Those interested in learning more about San Diego’s Little Italy neighborhood, and how its successes might translate to the health of Cincinnati’s many neighborhoods and inner ring suburbs, can attend the event this Friday, June 1. The Sustainable Hamilton County: Reinventing Our Communities summit will be held at the Drake Center (map) from 8am to 12pm. The Drake Center is served by Metro’s #78 bus line.

Ongoing demolitions threaten downtown historic districts

With new businesses and the Smale Riverfront Park opening last week, it seems that downtown is finally becoming the place to live, work and play city leaders have long envisioned. Unfortunately, despite the many signs of progress, some of downtown’s distinct historic fabric continues to be threatened by the wrecking ball.

Last year, the owner of 309 W. Fifth Street demolished a building next to Mainstay Rock Bar in favor of a parking lot. Now the neighboring building, which was meant to be served by this new parking lot, has been demolished in spite of opposition from the city’s Historic Conservation Board.

Not only was the demolition opposed by the Historic Conservation Board, but it was also opposed by Cincinnati Preservation Association (CPA). The reason the demolition is allowed to move forward, however, is due to a successful appeal to the Zoning Board of Appeals (ZBA), which stated that the justification for the tear down was economic hardship.

The use of “economic hardship” as a justification for the demolition of historic structures is a common one, according to local preservationists.

The demolition of 305 W. Fifth Street made way for a parking lot, and this exposed wall that was later turned into a mural. Photograph courtesy of 5chw4r7z.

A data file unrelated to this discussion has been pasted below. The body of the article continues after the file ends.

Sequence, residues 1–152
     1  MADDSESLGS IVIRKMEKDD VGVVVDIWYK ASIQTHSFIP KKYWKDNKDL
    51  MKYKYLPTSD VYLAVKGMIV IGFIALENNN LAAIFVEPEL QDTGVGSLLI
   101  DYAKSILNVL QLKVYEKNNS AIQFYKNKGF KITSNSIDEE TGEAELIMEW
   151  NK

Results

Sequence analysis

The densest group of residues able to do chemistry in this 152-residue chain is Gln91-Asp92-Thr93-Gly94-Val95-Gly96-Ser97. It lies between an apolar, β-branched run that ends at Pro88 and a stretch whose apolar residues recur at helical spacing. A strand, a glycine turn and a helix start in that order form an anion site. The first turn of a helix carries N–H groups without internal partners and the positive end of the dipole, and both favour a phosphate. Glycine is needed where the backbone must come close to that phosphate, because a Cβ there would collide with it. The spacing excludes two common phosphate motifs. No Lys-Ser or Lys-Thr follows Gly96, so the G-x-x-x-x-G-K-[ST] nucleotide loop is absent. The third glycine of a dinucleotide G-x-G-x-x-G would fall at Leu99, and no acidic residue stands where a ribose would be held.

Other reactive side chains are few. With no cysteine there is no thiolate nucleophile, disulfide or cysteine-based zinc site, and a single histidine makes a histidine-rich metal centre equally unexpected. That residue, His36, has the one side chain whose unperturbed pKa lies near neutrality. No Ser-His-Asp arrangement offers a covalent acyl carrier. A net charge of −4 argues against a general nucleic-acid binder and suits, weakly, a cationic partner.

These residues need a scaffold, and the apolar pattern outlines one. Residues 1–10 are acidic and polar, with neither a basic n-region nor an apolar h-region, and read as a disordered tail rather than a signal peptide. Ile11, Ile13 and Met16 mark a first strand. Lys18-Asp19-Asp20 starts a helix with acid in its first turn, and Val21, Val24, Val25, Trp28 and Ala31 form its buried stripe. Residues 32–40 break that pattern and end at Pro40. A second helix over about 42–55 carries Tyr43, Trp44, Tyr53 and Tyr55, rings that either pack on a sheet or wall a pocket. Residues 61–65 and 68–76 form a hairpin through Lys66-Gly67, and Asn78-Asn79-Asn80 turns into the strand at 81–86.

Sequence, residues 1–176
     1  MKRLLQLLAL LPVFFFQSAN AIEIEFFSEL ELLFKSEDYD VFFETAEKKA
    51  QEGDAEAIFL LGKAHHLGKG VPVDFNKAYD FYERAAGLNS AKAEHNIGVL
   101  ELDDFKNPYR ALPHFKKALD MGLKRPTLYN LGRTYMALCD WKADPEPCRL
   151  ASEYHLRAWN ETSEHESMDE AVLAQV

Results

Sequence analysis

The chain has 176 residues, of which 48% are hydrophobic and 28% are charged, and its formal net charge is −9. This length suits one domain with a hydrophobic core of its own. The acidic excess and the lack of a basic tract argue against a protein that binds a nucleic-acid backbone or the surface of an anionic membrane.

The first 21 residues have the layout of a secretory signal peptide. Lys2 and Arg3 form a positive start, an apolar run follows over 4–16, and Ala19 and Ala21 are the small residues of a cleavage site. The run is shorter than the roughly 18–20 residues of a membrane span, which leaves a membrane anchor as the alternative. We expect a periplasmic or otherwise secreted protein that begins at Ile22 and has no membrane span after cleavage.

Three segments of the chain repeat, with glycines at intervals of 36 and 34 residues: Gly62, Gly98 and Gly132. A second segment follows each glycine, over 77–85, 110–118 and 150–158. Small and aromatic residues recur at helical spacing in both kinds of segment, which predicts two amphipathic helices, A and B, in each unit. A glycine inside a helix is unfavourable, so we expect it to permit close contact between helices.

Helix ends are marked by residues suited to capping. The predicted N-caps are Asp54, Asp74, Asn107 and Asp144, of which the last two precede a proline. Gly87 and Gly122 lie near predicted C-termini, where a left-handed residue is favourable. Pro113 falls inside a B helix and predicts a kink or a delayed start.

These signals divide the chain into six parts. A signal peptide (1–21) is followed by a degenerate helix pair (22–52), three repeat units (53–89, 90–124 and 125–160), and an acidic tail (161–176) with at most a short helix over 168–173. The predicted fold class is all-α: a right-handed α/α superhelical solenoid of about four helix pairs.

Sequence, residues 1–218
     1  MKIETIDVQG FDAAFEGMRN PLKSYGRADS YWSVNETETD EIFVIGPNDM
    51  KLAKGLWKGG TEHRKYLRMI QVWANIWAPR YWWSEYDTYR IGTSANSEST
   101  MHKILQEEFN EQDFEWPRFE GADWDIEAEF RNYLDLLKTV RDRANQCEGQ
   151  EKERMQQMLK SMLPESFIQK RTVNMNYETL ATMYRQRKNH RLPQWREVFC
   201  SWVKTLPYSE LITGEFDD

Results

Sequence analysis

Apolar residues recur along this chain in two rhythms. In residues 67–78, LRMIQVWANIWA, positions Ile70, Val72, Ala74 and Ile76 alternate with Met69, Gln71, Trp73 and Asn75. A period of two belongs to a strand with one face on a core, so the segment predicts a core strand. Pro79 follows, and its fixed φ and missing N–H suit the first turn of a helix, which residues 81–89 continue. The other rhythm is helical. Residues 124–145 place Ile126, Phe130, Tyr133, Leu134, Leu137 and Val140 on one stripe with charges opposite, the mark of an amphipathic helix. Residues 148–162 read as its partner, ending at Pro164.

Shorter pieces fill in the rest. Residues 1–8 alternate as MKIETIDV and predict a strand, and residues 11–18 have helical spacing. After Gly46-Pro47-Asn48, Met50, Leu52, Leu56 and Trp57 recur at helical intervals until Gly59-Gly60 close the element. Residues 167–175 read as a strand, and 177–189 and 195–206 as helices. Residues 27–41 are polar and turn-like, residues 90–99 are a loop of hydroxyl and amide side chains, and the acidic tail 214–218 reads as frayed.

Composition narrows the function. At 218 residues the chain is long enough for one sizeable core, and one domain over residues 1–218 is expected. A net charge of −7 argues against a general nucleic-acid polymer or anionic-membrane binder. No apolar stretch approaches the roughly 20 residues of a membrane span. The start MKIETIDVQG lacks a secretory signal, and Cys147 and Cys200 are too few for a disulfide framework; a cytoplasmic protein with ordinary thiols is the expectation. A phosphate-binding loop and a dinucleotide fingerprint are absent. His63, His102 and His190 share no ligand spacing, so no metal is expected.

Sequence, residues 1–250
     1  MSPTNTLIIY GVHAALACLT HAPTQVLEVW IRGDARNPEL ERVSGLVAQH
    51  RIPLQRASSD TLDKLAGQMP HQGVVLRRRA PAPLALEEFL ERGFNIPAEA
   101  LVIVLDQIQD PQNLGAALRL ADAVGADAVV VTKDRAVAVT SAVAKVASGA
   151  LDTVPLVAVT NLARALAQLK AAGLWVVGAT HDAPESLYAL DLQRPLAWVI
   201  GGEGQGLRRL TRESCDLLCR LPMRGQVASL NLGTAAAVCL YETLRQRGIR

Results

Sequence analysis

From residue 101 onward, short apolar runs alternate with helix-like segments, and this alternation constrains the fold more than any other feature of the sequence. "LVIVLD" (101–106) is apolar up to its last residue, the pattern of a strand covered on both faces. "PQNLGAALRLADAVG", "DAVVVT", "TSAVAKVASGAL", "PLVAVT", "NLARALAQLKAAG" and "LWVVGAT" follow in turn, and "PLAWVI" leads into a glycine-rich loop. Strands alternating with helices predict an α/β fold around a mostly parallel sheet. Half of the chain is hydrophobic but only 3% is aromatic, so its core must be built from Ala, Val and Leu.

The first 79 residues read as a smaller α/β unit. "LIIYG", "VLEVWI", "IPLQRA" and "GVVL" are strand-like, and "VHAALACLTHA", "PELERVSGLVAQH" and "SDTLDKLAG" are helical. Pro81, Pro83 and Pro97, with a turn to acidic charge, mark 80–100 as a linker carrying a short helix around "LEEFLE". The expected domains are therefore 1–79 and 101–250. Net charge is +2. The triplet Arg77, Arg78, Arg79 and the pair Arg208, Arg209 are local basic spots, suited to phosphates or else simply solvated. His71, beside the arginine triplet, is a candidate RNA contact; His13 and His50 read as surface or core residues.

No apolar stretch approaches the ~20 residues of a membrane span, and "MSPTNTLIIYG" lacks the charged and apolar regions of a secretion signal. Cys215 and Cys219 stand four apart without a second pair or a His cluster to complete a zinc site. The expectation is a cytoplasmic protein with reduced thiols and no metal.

“CPA and many other advocates spoke out against the demolition because the building is contributing, and is a significant structure with development potential,” stated Margo Warminski, Preservation Director of CPA. “The building next door is under renovation, and there are already two vacant lots on the block.”

Warminski says that 305-309 W Fifth Street LLC, claimed the building’s poor condition and costly repairs made it not viable for office use. She also stated that other potential uses, like residential apartments, were not explored in great depth by the owner. It is expected that the LLC owning the property will soon apply for a variance that would allow the construction a landscaped surface parking lot in the historic building’s place.

According to preservationists, the problem with tearing down this structure goes beyond the immediate loss of the historic building. The demolished building shares a common wall with the neighboring building which is currently being renovated, and engineers and insurance agents are already assessing the potential damage the demolition may have caused to the neighboring building.

Similar Story on Main Street
Five blocks east, on Main Street, the former Bay Horse Café building faces demolition under similar circumstances. Situated in the Main Street Historic District, the demolition permit must first be reviewed by the Historic Conservation Board and if denied could be appealed to the Zoning Board of Appeals. A meeting date has yet to be set for the demolition proposal.